Lawrence also worried anything about elected officials’ salaries should be reviewed by an independent committee, but administration said that might not happen until 2022 due to the expertise needed to be reflected in those chairing that group. He proposed a referral motion, which was defeated in a 7-1 vote (Smith was later absent during the meeting).

Countering that point, Berghofer said something has to be in place now because the nomination process has already started for election candidates, and she suggested the bylaw can be reviewed at a later date.

“This is about being in step with the times,” noted Mayor Rod Frank. “There is a gap. Right now, we need something in place for the impending election.”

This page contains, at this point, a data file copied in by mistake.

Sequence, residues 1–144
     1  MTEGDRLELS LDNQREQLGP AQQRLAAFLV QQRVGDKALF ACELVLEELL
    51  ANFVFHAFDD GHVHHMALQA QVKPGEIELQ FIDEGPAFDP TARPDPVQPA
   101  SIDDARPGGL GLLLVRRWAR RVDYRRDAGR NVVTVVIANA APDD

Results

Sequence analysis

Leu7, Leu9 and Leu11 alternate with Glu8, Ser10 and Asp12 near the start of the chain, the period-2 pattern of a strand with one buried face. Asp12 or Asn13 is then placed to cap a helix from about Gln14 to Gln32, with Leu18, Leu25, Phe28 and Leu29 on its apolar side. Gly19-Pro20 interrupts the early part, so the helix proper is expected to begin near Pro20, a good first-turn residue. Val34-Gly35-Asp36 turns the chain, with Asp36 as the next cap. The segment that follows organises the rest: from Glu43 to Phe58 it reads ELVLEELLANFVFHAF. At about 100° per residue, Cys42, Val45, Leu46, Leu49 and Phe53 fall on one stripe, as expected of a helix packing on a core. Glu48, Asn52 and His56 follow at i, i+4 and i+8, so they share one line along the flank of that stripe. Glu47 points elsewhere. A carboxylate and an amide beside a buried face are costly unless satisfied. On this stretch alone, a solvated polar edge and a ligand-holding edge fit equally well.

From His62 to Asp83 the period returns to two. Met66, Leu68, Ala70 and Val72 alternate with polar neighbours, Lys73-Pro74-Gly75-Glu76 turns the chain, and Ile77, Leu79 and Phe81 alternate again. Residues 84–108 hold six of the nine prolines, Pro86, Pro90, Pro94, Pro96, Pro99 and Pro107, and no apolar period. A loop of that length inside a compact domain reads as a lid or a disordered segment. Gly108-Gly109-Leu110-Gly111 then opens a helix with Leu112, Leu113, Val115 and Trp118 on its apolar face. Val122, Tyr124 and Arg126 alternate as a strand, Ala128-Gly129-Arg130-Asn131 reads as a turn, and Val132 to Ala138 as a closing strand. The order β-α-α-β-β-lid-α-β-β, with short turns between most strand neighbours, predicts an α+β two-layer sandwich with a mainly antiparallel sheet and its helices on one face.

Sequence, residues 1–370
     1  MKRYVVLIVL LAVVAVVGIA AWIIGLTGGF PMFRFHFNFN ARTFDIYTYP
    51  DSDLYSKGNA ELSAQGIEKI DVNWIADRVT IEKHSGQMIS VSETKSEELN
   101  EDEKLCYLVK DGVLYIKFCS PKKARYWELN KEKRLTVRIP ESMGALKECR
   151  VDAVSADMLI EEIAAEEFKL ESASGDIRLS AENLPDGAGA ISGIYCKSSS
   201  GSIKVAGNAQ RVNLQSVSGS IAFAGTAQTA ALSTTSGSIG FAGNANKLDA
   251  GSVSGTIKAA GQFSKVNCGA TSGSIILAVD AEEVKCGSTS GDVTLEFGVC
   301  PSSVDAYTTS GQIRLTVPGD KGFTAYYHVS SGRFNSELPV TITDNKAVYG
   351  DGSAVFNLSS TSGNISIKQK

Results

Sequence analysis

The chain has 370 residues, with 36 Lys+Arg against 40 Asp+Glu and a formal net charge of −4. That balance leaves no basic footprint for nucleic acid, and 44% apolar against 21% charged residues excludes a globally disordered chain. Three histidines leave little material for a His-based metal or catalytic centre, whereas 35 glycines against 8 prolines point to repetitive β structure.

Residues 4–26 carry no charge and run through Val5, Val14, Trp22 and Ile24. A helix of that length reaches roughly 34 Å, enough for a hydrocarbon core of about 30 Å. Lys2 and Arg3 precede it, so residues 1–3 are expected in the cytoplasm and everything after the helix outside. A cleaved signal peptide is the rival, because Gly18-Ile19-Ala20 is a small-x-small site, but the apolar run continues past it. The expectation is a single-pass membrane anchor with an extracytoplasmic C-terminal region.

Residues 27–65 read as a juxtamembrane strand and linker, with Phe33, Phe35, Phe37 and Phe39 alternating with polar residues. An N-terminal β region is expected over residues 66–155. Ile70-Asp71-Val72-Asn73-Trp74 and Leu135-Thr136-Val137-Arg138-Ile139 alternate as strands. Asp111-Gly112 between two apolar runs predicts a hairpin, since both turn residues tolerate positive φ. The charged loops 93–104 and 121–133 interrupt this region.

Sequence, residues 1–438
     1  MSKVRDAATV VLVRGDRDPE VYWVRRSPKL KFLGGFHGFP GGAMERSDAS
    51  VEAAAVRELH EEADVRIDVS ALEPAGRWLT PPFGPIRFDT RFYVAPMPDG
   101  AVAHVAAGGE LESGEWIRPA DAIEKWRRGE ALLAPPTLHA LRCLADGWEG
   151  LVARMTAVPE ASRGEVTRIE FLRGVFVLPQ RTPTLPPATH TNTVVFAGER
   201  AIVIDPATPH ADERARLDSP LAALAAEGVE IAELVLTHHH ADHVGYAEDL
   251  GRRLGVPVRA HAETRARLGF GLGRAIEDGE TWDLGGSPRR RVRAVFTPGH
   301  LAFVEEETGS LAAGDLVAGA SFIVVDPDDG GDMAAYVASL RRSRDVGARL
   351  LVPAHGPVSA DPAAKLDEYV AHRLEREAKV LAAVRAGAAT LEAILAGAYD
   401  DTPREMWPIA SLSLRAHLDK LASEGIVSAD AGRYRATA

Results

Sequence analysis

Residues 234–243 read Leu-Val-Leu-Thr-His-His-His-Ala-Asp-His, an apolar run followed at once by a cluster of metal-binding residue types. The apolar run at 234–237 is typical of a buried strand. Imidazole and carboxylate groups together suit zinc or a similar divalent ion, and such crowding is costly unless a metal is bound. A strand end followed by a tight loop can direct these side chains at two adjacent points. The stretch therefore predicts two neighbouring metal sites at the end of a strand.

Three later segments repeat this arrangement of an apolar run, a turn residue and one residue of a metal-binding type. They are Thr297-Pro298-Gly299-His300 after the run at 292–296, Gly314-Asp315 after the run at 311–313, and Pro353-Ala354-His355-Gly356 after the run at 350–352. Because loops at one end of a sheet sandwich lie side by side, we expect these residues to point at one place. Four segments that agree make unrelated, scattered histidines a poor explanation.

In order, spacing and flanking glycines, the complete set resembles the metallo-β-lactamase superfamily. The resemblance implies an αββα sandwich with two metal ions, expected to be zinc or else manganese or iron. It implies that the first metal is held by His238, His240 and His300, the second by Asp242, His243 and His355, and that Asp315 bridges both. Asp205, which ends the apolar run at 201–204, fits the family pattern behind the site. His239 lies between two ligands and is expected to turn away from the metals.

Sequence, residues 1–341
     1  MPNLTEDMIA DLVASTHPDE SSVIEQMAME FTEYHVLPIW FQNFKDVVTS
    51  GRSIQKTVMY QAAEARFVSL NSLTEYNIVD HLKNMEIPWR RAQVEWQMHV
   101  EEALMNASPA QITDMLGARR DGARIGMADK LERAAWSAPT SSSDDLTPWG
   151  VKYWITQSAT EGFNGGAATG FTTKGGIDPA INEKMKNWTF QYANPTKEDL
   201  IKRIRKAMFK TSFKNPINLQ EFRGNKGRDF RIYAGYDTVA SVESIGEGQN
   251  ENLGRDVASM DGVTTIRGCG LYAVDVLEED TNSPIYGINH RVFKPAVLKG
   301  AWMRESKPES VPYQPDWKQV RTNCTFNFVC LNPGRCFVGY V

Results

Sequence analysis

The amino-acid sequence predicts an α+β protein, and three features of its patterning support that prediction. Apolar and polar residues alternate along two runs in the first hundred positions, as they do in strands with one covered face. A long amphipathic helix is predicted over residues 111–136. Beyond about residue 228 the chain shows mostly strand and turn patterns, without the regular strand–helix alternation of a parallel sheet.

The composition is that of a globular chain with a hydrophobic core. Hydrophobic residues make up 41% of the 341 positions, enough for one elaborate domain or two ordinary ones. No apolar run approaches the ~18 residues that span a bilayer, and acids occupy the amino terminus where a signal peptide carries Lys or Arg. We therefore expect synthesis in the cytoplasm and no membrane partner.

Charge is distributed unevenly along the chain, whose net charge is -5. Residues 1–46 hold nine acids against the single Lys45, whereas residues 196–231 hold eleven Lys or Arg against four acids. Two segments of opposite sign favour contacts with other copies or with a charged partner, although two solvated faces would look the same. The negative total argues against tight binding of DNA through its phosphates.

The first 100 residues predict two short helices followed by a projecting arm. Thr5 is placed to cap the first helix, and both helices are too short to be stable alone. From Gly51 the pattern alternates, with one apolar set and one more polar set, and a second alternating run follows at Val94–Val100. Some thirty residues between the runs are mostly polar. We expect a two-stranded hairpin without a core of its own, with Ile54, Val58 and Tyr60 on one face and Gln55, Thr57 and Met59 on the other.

Strathcona County is currently an anomaly on this file as many municipalities in Alberta already offer parental leave for elected officials. Some of those include Blackfalds, Calgary, Edmonton, Fort Saskatchewan, Lacombe, Spruce Grove, Sturgeon County, and Sylvan Lake.

Council agreed to creating the bylaw in a 6-2 vote, with councillors Brian Botterill and Lawrence against (Smith was absent).

Botterill agreed overall parental leave should be a county policy, however, he preferred another option that would go a step further and give full salary and benefits.

The bylaw will return to council for debate and approval on May 18.

lmorey@postmedia.com

twitter.com/LindsayDMorey